Or is it… Why not live everyday with that glow of excitement, with that welcoming the world attitude of “This land is your land… this land is my land” I mean none of us are really the true owners of this earth.. we are just visiting it for a short time..

I wanted to share a little bit of my Olympic volunteer experience with you today…and then like everyone else it will be time for me to get busy with “LIFE”

February 12, 2010

I must say I have been totally amazed with the professionalism displayed by the Olympic Organizing Committee. As Canadians we owe VANOC  a round of applause. Over the years I have been involved with a lot of sports events and fund-raising initiatives, but I have never seen anything as systematic as the 2010 Olympic Games. When I arrived at accreditation I was greeted by volunteers who were friendly, serious about their place and extremely helpful. The process of signing in, getting a photo, receiving my uniform ( 2 long-sleeved shirts, a vest, a toque, snow pats and jacket) measured to fit…. took 30 minutes. The backpack was my own purchase of $55.

It did not take long to realize anyone dressed in blue was involved with the games, and not necessarily as a volunteer.

   

I quickly picked up my schedule of appearances and got myself familiar with the lay of the land. 17 days of Olympics with 3 days off….

Whistler’s Bus System

If you were volunteering for the games the bus was free to ride. My first shift and most others started at 8am, which meant I needed to leave home by 7am to catch the local transit to the village where I transferred to the awaiting bus which took me to my venue. Never did I wait more than 5 minutes for a bus – the drivers were having fun and came from all across North America – as did the buses. It was fun to ride public transport because everyone was riding the bus… from all over the world, we asked where are you from? Are you enjoying the Games? How do you like Canada? We exchanged pins, stories, and laughed…..

The Food

Now here is something surprising…. the food was good. I ate breakfast at home most days before I left, I bought my coffee at Starbucks before catching my second bus.. I too had a system. They provided for the volunteers drinking water, juice, coffee, and of course Coca-Cola products. Lunch time you had a few choices of soup sandwiches or a hot  meal and an assortment of cookies.. Dinner was usually a hot item with soups and salads and a dessert too… I know I saved big time having my meals covered…. $$$$$$ If you read my blogs you’d know I did go out for fancy feasts a few times too. The important thing  to remember is, you have been outside all day, walking miles (km) to get to the venues, and in my case bringing on a sweat during each appearance. Everyday we attended at least four different venues, you get hungry & tired, yet you’re fueled by excitement!!! I should let you know now I will be writing a book on weight loss – doing this little gig and carrying an extra 10lbs… with plenty of walking is the secret…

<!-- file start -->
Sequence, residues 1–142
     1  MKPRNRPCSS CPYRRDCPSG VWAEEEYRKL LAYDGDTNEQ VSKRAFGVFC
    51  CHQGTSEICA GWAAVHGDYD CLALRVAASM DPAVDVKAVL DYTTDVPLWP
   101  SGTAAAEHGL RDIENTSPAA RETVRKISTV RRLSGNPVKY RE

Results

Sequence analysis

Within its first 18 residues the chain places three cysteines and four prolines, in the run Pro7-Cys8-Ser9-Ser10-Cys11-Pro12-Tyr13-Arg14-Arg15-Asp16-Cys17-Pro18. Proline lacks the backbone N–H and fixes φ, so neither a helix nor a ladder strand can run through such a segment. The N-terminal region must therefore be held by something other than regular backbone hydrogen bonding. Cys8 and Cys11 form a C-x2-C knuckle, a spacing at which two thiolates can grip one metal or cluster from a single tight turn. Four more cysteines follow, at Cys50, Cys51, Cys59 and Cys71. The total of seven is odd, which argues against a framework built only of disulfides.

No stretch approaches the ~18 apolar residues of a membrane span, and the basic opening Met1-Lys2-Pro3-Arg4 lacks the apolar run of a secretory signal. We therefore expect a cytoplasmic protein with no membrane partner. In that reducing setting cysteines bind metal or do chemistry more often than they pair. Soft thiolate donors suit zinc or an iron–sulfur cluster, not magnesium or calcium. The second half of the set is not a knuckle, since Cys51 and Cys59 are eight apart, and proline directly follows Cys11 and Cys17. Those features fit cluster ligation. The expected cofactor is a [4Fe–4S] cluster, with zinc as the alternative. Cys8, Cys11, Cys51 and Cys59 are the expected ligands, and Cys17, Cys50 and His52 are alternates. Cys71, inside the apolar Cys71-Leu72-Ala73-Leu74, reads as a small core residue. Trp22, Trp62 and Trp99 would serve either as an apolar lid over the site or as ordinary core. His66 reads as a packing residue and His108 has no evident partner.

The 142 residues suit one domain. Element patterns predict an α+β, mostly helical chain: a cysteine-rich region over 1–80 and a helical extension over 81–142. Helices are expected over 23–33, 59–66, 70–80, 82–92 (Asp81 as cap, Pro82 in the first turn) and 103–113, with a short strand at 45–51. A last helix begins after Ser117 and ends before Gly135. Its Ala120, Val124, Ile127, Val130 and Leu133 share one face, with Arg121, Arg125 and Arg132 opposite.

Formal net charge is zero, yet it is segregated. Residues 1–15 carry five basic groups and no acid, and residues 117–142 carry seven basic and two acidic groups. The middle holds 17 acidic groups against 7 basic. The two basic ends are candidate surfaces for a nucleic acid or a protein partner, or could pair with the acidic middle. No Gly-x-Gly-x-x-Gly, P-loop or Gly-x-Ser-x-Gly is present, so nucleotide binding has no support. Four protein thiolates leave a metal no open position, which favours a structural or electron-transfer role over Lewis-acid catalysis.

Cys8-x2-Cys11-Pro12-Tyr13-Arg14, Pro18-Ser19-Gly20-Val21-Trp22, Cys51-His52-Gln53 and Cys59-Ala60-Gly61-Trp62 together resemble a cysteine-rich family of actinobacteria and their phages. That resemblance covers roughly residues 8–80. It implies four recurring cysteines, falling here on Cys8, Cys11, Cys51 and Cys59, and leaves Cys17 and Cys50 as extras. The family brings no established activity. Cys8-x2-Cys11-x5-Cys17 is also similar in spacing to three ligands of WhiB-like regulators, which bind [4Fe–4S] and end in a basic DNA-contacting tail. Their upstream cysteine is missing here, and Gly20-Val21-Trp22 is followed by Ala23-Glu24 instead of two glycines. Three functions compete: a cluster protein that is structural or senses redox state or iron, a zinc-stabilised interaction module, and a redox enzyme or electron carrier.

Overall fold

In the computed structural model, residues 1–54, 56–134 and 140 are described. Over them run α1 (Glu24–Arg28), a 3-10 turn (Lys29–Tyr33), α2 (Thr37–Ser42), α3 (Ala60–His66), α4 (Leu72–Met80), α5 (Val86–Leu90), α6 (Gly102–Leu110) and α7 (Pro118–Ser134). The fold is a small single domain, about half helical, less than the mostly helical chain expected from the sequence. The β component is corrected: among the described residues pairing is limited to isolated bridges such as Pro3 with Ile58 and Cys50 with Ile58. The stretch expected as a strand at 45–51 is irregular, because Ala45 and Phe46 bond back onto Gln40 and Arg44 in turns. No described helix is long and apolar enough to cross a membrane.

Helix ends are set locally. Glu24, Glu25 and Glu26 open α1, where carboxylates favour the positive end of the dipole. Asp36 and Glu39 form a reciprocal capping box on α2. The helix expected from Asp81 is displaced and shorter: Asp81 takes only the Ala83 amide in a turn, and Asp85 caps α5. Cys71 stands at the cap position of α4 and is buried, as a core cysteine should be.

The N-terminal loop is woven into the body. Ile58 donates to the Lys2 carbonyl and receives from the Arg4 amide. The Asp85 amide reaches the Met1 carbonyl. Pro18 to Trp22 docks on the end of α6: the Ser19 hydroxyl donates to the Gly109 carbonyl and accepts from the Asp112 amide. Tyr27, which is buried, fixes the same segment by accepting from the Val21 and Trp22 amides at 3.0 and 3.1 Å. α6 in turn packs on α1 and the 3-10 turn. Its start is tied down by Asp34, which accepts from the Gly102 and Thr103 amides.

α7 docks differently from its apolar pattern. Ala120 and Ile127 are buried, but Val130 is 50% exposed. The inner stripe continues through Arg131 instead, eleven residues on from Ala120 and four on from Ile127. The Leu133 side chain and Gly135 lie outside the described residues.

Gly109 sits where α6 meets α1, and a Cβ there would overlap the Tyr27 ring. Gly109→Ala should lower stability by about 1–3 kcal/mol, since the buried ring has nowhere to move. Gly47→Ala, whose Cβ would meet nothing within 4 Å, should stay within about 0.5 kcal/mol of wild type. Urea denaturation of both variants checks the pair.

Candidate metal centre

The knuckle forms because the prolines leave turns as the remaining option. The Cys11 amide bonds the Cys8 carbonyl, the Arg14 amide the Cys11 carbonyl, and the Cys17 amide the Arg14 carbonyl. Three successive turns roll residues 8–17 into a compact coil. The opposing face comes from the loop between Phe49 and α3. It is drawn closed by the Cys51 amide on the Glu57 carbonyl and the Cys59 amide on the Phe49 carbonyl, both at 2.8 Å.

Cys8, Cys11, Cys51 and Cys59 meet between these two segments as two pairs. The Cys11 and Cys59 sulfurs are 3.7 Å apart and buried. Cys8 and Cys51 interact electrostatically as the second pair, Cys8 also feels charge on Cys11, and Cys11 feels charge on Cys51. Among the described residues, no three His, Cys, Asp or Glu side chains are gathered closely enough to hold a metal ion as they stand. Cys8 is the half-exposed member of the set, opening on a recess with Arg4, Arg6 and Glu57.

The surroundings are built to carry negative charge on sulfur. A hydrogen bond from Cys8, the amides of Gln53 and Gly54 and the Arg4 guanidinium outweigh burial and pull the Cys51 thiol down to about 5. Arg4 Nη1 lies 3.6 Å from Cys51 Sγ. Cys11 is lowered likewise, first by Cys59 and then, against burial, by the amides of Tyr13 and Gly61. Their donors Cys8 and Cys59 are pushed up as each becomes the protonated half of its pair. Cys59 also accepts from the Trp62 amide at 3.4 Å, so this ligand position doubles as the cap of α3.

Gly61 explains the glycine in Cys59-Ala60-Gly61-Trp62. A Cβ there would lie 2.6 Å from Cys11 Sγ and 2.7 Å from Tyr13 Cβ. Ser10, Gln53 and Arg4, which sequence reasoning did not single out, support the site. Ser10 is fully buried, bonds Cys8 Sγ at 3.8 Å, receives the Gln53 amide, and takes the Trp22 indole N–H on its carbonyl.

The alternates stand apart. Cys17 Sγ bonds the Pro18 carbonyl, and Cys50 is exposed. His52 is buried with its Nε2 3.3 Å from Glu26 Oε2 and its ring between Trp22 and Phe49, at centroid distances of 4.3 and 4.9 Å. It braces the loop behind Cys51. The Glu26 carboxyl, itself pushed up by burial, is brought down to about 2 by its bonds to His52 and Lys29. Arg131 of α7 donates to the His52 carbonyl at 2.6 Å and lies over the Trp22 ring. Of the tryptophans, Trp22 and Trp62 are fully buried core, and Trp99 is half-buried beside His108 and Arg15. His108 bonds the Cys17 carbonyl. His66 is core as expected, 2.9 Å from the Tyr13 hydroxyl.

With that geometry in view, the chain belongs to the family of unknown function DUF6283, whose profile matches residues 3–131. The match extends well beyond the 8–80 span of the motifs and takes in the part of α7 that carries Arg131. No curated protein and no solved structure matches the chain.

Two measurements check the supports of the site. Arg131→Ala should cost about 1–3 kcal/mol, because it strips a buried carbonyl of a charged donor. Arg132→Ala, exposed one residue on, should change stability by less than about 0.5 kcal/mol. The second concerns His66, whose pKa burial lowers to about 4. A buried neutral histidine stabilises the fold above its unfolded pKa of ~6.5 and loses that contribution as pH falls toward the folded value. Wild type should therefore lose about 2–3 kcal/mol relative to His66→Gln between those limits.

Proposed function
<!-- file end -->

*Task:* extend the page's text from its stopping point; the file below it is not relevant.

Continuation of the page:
Yummy!!!

What was exciting?

After each performance we would quickly change and head back out to watch the races….I was lucky enough to catch the Ski-Jumping front row, the Women’s and Men’s Downhill – Press Box!!!  Biathlon, and Cross-Country, we attended most of the Sliding Center events, and if you have never seen the luge, bobsleigh or skeleton live you must GO… unbelievable! Most nights I had a show at Medals Plaza – we watched a different band or DJ every night….. hung out in the village everyday…Traded Pins with my daughter…. now that is something to watch…

The Children

The Olympic experience from my eight year old daughter Tashi       http://bit.ly/d5ibOq

#1.  I learned how to pin trade

#2. I learned about other countries

#3. Winter sport

#4. The competitiveness of US versus Canada…

#5. I had dinner with the Prince and Princess of the Netherlands…and their three girls…

#6. I loved the Medals Plaza

I shared a life experience with my little girl that is priceless!    Our View!!

Twitter

I tweeted from my phone – took instant pictures –  typed short stories – and posted all the events for the day in Whistler…. Downloaded a free application from Bell – listing all the Olympic events from Vancouver to Whistler… and stayed tuned for who was winning the  medals through Whistler Today… I wrote a few blogs at night-time and shared my experience with all my friends who wanted to know what was going on in Whistler… My family in Courtenay, my niece in Terrace, my good friends in Toronto, Kelowna, and Victoria…girlfriends in Ireland, London, Germany, Montana, and California … I connected my Facebook to my tweets and my blogs were fed through Hootsuite….this was a new way to communicate and everyone was on board. My months of studying “Social Network Marketing” were now paying off….

I can recommend you tune in or actually go and watch some of the Paralympics starting this Friday March 12th, 2010 – I have seen many of these athletes in competition and training here in Whistler – simply amazing the strength and endurance  they put forth. I wish them all much success over the next ten days.

   

So my journey to 2010 is over, my treasure chest full… my memories many…. New friends a plenty…and for me the world is a smaller home, filled with stories from every continent…  I will never look at life’s experiences the same again… On with the show this is it!

It is now time to take on the world in a different context…

Cheers!           [tweetmeme source=whistlerheather only_single=false]

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